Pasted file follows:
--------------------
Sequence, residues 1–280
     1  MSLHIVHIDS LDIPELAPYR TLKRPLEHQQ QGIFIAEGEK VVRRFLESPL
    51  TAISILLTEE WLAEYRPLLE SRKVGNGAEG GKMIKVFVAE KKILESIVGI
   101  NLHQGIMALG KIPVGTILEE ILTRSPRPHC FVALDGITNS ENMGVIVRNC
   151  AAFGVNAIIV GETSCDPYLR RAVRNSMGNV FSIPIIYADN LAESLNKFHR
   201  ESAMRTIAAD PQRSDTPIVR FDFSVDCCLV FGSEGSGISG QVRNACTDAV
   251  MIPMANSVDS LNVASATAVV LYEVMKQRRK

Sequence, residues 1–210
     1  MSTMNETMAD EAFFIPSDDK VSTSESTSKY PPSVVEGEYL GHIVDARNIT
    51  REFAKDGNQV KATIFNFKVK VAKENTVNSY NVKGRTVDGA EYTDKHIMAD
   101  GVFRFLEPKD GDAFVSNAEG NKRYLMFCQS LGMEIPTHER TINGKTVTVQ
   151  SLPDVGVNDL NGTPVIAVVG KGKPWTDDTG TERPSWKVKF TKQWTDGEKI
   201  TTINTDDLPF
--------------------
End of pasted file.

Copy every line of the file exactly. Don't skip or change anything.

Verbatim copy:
Sequence, residues 1–280
     1  MSLHIVHIDS LDIPELAPYR TLKRPLEHQQ QGIFIAEGEK VVRRFLESPL
    51  TAISILLTEE WLAEYRPLLE SRKVGNGAEG GKMIKVFVAE KKILESIVGI
   101  NLHQGIMALG KIPVGTILEE ILTRSPRPHC FVALDGITNS ENMGVIVRNC
   151  AAFGVNAIIV GETSCDPYLR RAVRNSMGNV FSIPIIYADN LAESLNKFHR
   201  ESAMRTIAAD PQRSDTPIVR FDFSVDCCLV FGSEGSGISG QVRNACTDAV
   251  MIPMANSVDS LNVASATAVV LYEVMKQRRK

Sequence, residues 1–210
     1  MSTMNETMAD EAFFIPSDDK VSTSESTSKY PPSVVEGEYL GHIVDARNIT
    51  REFAKDGNQV KATIFNFKVK VAKENTVNSY NVKGRTVDGA EYTDKHIMAD
   101  GVFRFLEPKD GDAFVSNAEG NKRYLMFCQS LGMEIPTHER TINGKTVTVQ
   151  SLPDVGVNDL NGTPVIAVVG KGKPWTDDTG TERPSWKVKF TKQWTDGEKI
   201  TTINTDDLPF